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  • Writer's pictureMark L. Johnson

TA Tidbits # 49 Ant Mounds-Harvester Or Leafcutter?


Harvester Ant Mound (Nest)

Wild Burro Wash (11/26/23)

 

You have probably seen the perfectly shaped ant mounds that look like mini-volcanoes on your hikes in the Sonoran Desert. There are two common types of mounds (nests) constructed by either leafcutter ants or harvester ants. See Animals & Plants of the Tortolita Preserve-8/20/23-Desert Leafcutter Ant (Acromyrmex versicolor) [Insect #10] and Harvester Ant (Pogonomyrmex) [Insect #22].


I was not quite sure how to identify which mound belonged to which ant, so I contacted Shaku Nair, PhD-entomologist at the University of Arizona Extension Service. I sent Shaku some photos and she provided the following methods to identify ant mounds:



Leafcutter Ant Mound-crater-like with sharp edges at the top, steep slopes toward the hole, made from moist or firm soil and located near vegetation.






Harvester Ant Mound-smoother and rounded at the top, gentile slope toward the hole, made of loose soil and found in very dry bare areas. Another identifier is midden or grass husks around the outside perimeter of mound which is the waste after the ants strip the seeds from the grass.




This ant mound stuff piqued my curiosity so I did some more research on the Harvester Ant (HA) and Desert Leafcutter Ant (DLA). Here is what I gleaned.


References are denoted in parenthesis with links below.



Desert Leafcutter Ant


DLA (1)(2)(3)

  • DLA is one of 47 species of leafcutter ants that inhabit the Southern US, Mexico, Central and South America.

  • Color-dark reddish brown with spikes on the back.

  • Bite/Sting-typically do not sting but can bite if provoked.

  • Each DLA has a specific role in the colony:

    • Queen-only DLA that lays eggs and produces more ants including queens.

    • Forager-searches areas around the nest for plant material (leaves, grass, flowers, etc.) and alerts the other foragers to assist with cutting the plant material into smaller pieces and bring them back to the nest.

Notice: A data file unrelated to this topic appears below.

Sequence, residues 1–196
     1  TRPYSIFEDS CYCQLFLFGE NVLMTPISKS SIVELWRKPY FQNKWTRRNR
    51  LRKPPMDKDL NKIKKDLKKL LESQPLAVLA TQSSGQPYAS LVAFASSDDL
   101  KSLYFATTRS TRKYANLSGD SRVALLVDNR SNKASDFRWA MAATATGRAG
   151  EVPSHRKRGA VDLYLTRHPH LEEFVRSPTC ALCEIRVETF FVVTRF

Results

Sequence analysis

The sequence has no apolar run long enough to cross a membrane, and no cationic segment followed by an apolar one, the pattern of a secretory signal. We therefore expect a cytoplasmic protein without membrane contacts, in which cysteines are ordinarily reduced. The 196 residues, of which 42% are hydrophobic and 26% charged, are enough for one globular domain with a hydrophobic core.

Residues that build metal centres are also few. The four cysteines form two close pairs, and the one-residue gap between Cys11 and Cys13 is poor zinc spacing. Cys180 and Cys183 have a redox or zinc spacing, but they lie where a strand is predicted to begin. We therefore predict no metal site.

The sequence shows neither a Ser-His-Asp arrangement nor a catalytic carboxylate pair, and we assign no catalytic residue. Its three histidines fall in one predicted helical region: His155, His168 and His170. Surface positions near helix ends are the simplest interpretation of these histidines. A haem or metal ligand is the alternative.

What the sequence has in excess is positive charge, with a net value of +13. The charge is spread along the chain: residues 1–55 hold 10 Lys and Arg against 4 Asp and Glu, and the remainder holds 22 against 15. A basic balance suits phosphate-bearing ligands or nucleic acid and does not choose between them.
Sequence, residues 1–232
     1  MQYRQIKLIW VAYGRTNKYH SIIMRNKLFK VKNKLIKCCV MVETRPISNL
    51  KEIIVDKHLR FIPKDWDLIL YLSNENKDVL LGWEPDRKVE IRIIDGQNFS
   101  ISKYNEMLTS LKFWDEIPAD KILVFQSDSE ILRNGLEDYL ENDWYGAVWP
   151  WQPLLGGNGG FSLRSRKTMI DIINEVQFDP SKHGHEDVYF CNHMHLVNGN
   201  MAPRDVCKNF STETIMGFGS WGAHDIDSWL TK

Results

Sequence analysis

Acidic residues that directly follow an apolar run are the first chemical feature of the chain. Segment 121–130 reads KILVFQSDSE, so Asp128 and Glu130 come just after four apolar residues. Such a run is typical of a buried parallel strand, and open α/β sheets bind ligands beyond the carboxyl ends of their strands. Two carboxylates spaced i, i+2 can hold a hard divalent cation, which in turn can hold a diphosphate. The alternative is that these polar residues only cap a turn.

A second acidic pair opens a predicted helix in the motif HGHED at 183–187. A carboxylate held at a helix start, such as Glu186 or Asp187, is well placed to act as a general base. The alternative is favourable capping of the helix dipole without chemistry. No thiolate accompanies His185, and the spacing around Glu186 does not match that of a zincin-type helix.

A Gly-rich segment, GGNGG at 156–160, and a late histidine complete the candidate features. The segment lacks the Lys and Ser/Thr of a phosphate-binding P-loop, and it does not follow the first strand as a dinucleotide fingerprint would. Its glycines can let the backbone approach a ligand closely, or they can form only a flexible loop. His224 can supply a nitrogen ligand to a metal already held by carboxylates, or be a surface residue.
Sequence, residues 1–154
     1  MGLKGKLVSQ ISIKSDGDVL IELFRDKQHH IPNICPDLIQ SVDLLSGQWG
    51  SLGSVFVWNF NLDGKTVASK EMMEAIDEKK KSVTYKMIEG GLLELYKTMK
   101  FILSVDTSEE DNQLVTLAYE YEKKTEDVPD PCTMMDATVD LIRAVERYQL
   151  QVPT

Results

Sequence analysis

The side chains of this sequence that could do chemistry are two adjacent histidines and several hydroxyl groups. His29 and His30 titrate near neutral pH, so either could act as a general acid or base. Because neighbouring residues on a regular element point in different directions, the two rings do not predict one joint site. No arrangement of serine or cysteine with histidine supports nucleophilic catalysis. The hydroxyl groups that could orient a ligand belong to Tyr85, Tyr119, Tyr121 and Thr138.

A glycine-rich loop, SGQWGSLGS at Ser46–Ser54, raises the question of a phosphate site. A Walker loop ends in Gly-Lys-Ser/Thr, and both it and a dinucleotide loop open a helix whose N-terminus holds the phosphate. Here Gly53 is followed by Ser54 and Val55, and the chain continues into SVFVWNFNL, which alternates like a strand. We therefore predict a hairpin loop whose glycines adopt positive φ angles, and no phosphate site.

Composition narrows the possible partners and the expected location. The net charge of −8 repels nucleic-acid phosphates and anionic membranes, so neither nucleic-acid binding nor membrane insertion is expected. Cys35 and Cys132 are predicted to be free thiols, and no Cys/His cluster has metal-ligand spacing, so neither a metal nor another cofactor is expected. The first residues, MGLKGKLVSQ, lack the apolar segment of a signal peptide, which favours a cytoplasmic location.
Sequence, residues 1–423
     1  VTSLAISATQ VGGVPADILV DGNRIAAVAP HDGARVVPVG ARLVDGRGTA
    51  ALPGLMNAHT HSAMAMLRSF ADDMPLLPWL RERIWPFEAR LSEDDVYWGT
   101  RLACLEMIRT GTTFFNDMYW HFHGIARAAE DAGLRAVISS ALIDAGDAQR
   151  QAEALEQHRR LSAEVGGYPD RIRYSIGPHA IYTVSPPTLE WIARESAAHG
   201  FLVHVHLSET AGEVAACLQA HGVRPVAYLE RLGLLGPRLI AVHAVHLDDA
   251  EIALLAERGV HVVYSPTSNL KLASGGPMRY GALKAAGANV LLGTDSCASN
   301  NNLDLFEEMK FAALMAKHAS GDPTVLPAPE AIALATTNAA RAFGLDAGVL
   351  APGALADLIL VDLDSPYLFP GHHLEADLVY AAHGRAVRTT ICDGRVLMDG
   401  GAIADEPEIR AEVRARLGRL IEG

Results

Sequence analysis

• Guards-ride shotgun on the plant material being transported back to the nest and keeps watch for a parasitic fly that can kill a DLA.

    • Gardeners-DLA does not actually eat the plant material. They mix the plant material with their saliva and a fungus that converts the plant material cellulose into carbohydrates and the DLA then eats the fungus for nourishment.

    • Excavators-create the tunnels and chambers (fungal gardens, storage, waste dumps, etc.) in the nest by removing one soil granule at a time and depositing at the outside of the nest.

    • Soldiers-protect the nest and queen from threats.

DLA Foraging & The Nest (4) (5)

  • Nest colony can have upwards of 50,000 workers.

  • Nest has many chambers each serving a specific function:

    • Fungal Garden-this is where the gardeners do their work to make food for the colony.

    • Storage-excess plant material is stored for use in the fungal garden.

    • Waste-infectious fungus and pathogens waste is stored to insure colony does not get sick.

  • Foragers typically follow specific paths from the plant material source to the nest.

  • Foraging occurs nocturnally in summer due to high soil temperatures.

  • Foragers can make up to 300,000 trips in one 24-hour period.

  • DLA can sense changes in atmospheric pressure and cease foraging when it rains.


Harvester Ant



HA (6)(7)

  • There are 22 HA species in the US and many of them reside in Arizona.

  • Color-dark reddish brown or black depending on species.

  • Bite/Sting-very toxic venom and can produce intense pain in humans for 4 hours.

  • Each HA has a specific role in the colony:

    • Queen-only HA that lays eggs and produces more ants including alates (fertile males and females that leave nest and form new colonies).

    • Patroller-searches areas around the nest for grass to harvest seeds and alerts the Harvesters. Needle Gramma is the favored HA grass treat.

    • Harvester-collect and harvest seeds from the grass.

    • Midden Worker-deposits trash and grass husks around the outside of the mound.

    • Excavators-create the tunnels and chambers in the nest by removing one soil granule at a time and depositing at the outside of the nest.

    • Maintenance Workers-repair nest and take care of queen and young ants.

HA Foraging & The Nest (8) (9)

  • Nest colony can have upwards of 10,000 workers.

  • Nest has many chambers each serving a specific function:

    • Storage-seed is stored for food.

    • Brood-home for queen and young ants.

  • Foragers go to specific zones around the nest identified by the Patroller.

  • Foragers extend a maximum of 130 feet from the nest and stay out about 20-30 minutes per trip.

  • Foraging occurs during daylight hours.


 

Our Sonoran Desert Ants are remarkable species and you can learn more from the references listed below.


 

References


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